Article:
Courtesy of the Hopewell Paris Bourbon County Museum

Dr. Ware returned to Virginia after the winter, but “in 1789, he revisited Kentucky and left his sons, Thompson and James III, there.” (Ref. 6, 35G)  It was decided that the sons would stay in the area and establish roots so that the entire family could later make the move.  Thompson later wrote his niece, Sally Stribling, about how he and James “were raised and educated together until our father took us to Kentucky and there left us.  We got separated; he located at Louisville and I in the neighborhood of Lexington when my age was 20 and his about 18 months younger (Ref. 35E)  Both sons were active in the development of the area.  “Thompson settled near Paris, which later became the county seat for Bourbon County.” (Ref. 299, 845)  James “engaged with Mr. Johnson, the Clerk of Jefferson County, writing in his office until he became fully acquainted with the work.”(Ref. 6, 35G)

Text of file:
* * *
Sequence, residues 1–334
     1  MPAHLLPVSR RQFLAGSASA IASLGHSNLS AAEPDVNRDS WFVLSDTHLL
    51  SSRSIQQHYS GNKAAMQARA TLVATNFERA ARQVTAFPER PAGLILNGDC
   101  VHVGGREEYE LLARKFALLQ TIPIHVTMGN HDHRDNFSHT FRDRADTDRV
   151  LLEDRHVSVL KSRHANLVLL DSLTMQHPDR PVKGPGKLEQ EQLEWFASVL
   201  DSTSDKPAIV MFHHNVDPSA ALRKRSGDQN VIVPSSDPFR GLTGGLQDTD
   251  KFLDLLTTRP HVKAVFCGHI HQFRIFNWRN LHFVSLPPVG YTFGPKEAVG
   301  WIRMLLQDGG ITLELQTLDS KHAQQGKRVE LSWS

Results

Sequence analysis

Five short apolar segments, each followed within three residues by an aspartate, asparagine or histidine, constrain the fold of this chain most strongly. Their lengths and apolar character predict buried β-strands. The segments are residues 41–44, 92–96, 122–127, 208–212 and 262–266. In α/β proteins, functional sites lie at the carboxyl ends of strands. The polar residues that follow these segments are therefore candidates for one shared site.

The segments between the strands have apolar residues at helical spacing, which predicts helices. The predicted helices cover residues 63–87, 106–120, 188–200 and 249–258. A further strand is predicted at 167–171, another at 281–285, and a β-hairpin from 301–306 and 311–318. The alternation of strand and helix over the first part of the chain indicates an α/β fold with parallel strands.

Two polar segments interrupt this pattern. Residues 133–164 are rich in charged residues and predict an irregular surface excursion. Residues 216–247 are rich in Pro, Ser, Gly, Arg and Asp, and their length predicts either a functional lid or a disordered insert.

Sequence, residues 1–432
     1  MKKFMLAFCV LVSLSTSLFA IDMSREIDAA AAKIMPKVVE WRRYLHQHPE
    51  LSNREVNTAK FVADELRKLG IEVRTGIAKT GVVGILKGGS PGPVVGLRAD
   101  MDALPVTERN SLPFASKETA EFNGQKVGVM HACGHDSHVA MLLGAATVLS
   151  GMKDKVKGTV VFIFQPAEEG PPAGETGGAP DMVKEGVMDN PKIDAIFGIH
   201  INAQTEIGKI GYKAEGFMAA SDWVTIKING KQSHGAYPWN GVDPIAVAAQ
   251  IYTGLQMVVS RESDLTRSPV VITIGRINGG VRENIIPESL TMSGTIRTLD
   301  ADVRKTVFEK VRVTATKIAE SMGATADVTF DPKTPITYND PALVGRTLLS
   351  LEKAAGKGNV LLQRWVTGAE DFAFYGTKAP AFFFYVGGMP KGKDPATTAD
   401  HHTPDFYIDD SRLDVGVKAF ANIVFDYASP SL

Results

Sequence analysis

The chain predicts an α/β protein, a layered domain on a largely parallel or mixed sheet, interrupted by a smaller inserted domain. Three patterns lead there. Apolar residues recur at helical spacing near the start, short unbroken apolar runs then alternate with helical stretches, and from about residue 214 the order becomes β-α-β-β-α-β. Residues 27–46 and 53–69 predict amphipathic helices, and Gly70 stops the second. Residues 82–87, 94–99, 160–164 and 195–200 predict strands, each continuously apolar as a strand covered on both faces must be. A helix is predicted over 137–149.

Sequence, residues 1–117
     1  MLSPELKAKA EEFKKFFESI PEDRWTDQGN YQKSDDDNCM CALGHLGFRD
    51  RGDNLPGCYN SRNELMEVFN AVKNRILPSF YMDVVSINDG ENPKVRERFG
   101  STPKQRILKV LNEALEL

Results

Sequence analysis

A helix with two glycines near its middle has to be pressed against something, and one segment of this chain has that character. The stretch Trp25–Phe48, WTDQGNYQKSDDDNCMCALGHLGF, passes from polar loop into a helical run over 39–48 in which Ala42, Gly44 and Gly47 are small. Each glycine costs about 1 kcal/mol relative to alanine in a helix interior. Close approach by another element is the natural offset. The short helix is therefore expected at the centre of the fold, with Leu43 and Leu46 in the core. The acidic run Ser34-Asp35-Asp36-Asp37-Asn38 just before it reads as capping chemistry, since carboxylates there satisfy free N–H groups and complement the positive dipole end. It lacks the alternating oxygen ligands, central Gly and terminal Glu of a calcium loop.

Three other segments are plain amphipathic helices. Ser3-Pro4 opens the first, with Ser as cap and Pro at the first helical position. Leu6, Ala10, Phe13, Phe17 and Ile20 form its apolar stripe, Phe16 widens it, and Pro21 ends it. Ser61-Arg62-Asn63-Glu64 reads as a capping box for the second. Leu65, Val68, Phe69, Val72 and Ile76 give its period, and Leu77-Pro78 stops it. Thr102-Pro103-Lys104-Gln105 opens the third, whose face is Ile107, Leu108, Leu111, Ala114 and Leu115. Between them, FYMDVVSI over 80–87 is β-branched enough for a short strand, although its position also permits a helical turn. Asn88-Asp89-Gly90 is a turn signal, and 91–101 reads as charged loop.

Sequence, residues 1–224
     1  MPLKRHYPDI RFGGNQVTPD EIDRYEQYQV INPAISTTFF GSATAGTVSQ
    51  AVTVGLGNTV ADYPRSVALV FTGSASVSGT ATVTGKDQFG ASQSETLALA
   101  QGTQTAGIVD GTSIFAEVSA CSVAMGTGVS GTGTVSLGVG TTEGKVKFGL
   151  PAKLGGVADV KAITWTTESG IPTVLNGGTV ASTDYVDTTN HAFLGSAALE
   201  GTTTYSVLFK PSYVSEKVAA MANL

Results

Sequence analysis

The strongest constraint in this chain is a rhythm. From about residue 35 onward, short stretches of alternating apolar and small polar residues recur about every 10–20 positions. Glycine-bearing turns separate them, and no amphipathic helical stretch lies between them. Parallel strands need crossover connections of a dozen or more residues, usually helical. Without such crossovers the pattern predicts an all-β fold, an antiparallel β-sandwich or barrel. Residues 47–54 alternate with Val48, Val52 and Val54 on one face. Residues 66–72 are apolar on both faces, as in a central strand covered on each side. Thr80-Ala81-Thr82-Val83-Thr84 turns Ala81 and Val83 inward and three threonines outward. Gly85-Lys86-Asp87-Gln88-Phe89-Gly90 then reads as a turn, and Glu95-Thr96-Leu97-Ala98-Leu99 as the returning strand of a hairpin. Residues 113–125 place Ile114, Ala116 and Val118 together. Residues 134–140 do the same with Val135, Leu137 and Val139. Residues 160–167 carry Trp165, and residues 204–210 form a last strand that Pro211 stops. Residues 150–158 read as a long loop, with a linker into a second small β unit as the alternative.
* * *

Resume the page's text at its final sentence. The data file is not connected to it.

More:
Courtesy of the Hopewell Paris Bourbon County Museum

In 1791, James III returned to Virginia to help his parents and the rest of the family prepare for the great migration to Kentucky. (Ref. 6, 35G)  His health was not good, however, and he would ultimately return to Virginia for the remainder of his life.  His assistance with the move was invaluable, though.  “It was a long and dangerous trip made in wagons and by horseback, with all their Negroes and what possessions that could be carried.  They feared the Indians, but were most fortunate in not meeting any (Ref. 2)  They had to be on the alert for Indian attacks on the water, as well as on land, for they sometimes used flatboats for transportation.  Polly would often tell her granddaughter how “her oldest child [Fannie, born Dec. 20, 1791] was but three months old when they came to Kentucky.  They descended the Ohio in flat boats in momentary apprehension of being attacked by the Indians.” (Ref. 174, 602)